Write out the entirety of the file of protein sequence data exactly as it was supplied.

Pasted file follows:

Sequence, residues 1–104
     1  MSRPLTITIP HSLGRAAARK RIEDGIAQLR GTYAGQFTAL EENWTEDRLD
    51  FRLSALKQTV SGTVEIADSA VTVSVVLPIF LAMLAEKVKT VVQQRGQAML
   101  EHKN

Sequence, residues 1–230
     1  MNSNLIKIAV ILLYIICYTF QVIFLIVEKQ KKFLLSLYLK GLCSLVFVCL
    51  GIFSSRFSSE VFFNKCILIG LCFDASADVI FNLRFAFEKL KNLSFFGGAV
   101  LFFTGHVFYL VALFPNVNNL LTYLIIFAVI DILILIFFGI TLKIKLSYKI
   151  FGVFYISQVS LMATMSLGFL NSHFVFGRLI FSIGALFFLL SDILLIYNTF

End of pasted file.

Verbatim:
Sequence, residues 1–104
     1  MSRPLTITIP HSLGRAAARK RIEDGIAQLR GTYAGQFTAL EENWTEDRLD
    51  FRLSALKQTV SGTVEIADSA VTVSVVLPIF LAMLAEKVKT VVQQRGQAML
   101  EHKN

Sequence, residues 1–230
     1  MNSNLIKIAV ILLYIICYTF QVIFLIVEKQ KKFLLSLYLK GLCSLVFVCL
    51  GIFSSRFSSE VFFNKCILIG LCFDASADVI FNLRFAFEKL KNLSFFGGAV
   101  LFFTGHVFYL VALFPNVNNL LTYLIIFAVI DILILIFFGI TLKIKLSYKI
   151  FGVFYISQVS LMATMSLGFL NSHFVFGRLI FSIGALFFLL SDILLIYNTF